Before he was Wilkes-Barre Scranton’s leading goal scorer, Penguins forward Scott Wilson was honing his skills for three seasons at University of Massachusetts-Lowell – an experience that shaped the 23-year-old into the player he is today.
“It was the best decision I’ve ever made,” Wilson said of his decision to play college hockey instead of junior. “I was smaller, so I needed to take advantage of the off-ice training and nutrition that a college program can provide.”
While Wilson certainly focused on specific aspects of his game after being selected by the Penguins in the 7th round of the 2011 NHL Draft, he learned valuable lessons off the ice as well.
“I think my biggest thing was to not only up my defensive side, but my off-ice game and learning to act like a pro,” Wilson said. “(Former associate coach) Jason Lammers told us to come to the rink dressed like a pro. Even at home, always act like a pro.”
As a sophomore in 2013, Wilson got a taste of the professional life when the River Hawks earned their first-ever berth in the Frozen Four – which was played none other than CONSOL Energy Center.
“That was awesome,” Wilson said, who noted some of his teammates were ‘star-struck’ by their surroundings. “Obviously everyone’s dream at the college or junior level is play in the NHL one day. Being able to use the facilities, especially a newer facility like CONSOL Energy Center, was unbelievable. The staff and everyone treated us so well. The atmosphere was great.”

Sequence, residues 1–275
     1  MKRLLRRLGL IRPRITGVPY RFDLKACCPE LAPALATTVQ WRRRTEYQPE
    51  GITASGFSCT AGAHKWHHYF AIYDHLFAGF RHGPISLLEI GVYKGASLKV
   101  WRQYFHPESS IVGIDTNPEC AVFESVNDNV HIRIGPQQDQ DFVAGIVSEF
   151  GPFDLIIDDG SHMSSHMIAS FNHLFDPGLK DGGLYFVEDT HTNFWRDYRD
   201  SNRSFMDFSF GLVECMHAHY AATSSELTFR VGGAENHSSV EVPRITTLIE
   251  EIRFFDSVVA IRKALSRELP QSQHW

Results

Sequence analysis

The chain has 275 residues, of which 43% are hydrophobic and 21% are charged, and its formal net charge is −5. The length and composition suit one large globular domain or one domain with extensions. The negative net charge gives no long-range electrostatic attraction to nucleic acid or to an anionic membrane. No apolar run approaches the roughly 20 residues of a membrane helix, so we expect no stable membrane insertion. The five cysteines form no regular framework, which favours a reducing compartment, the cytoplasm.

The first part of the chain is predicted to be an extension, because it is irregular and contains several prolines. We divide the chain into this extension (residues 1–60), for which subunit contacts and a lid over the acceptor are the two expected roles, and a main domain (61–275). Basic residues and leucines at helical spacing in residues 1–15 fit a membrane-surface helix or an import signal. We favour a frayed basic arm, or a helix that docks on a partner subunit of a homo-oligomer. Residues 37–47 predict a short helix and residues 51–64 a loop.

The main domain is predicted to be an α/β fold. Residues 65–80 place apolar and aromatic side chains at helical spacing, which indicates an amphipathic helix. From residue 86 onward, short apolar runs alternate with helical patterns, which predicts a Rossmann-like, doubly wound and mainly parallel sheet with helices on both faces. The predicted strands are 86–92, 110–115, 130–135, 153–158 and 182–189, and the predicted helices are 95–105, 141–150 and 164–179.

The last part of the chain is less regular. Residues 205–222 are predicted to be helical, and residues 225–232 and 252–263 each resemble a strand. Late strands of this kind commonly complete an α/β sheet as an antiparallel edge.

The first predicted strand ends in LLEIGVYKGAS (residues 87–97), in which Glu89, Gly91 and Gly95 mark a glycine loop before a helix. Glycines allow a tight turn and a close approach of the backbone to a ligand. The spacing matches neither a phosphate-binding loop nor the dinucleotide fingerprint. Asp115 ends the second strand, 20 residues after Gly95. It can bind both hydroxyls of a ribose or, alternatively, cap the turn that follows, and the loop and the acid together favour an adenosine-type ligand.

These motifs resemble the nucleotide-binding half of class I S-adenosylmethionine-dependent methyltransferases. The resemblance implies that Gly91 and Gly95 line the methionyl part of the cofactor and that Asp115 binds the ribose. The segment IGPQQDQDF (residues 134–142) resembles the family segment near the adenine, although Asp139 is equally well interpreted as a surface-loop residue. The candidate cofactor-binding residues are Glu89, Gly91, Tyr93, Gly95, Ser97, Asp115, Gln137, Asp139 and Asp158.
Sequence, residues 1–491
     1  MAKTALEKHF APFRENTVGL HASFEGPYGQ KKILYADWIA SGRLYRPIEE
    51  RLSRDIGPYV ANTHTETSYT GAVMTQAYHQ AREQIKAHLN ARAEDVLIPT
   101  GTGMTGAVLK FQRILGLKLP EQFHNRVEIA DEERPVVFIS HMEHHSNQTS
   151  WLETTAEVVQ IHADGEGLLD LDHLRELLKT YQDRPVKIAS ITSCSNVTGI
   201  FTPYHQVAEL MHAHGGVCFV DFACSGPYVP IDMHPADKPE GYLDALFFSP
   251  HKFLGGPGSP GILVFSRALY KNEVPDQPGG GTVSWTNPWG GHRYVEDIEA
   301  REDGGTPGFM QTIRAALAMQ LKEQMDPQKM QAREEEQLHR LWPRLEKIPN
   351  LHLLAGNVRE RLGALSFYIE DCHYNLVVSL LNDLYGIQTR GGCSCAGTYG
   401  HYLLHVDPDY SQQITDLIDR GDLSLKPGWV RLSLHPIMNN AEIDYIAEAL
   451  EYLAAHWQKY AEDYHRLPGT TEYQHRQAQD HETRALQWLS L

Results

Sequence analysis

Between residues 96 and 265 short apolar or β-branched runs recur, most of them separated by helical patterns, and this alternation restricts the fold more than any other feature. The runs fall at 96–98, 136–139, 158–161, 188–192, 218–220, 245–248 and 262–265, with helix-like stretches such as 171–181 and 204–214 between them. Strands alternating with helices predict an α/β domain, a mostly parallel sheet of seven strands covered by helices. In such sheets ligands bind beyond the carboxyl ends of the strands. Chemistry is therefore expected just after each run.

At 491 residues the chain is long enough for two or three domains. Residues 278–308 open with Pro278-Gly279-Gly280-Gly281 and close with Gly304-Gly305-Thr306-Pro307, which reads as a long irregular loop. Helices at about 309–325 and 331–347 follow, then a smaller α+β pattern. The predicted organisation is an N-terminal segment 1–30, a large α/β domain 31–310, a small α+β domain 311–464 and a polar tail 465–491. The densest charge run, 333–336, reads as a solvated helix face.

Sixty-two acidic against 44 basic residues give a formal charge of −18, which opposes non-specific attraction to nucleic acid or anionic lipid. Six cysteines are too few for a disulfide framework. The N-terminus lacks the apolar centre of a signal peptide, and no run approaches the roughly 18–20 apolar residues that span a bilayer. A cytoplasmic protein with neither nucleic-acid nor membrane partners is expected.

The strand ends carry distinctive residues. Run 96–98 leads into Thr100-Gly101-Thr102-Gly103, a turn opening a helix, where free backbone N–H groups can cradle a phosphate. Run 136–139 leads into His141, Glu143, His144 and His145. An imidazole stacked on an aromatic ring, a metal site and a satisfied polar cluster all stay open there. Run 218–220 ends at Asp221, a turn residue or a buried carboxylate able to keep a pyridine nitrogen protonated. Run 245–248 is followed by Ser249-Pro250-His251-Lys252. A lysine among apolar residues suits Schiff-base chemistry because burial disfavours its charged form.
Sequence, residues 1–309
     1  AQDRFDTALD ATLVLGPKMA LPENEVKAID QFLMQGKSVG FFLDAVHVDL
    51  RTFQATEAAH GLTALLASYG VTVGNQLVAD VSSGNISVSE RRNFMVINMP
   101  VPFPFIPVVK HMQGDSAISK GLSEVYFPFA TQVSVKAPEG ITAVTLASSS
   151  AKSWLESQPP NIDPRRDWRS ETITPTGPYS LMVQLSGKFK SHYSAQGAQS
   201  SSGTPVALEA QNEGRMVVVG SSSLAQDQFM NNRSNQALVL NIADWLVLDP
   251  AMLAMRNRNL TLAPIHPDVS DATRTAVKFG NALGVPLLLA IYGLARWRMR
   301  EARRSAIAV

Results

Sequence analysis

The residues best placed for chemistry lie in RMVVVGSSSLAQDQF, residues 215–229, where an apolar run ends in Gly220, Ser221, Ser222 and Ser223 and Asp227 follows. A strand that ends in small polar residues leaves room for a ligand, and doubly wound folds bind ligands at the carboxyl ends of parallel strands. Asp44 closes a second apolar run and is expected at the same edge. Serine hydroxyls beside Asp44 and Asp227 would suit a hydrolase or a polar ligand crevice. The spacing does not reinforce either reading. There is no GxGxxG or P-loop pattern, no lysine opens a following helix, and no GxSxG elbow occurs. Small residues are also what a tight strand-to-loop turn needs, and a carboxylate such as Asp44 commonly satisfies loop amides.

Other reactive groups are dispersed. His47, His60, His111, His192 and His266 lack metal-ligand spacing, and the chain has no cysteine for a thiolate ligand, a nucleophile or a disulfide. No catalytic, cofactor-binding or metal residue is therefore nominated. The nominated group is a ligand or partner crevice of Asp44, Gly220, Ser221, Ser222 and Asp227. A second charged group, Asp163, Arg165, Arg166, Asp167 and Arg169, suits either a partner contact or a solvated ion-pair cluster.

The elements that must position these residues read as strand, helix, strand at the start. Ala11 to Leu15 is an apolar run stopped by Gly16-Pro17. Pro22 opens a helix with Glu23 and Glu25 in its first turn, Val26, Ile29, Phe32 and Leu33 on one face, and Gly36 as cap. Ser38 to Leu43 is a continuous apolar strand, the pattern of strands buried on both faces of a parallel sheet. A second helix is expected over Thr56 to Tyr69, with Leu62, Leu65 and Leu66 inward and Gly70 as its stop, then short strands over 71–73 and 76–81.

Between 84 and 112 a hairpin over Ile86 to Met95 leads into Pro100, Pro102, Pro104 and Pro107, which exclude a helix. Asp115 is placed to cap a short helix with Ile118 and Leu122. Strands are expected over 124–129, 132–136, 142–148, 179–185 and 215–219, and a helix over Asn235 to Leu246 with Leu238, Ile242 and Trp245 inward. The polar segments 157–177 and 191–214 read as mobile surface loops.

CONSOL Energy Center has been host to a college tournament of its own: the Three Rivers Classic. Unfortunately, Wilson never had the chance to play in the local tournament, but UMass-Lowell always made the trip for a similar one up north.
“The only holiday tournament we ever played was at this little college rink in Vermont,” Wilson said. “But I think any time a team gets together on a road trip, or is able to spend some time together, is great around the holidays.
“I think you see guys bonding early in the year. You kind of establish roles both on and off the ice.”
This year, the No. 8-ranked River Hawks will be participating in the fourth-annual Three Rivers Classic at the Penguins’ home arena from Dec. 28-29 – and Wilson is proud to see his alma mater’s continued success.
“We had a really successful first year,” Wilson said. “My second year we went to the Frozen Four. Our third year was a good one too. Bringing home two Hockey East Championships was a big step for the organization. Seeing them have that continued success is a really good feeling.”
Wilson still follows the River Hawks, and will certainly be rooting for them to win the championship later this month.
“I still talk to a lot of the guys,” Wilson said. “Most of the guys are juniors and seniors that I know. I go back every summer for a couple of days and work out with them.”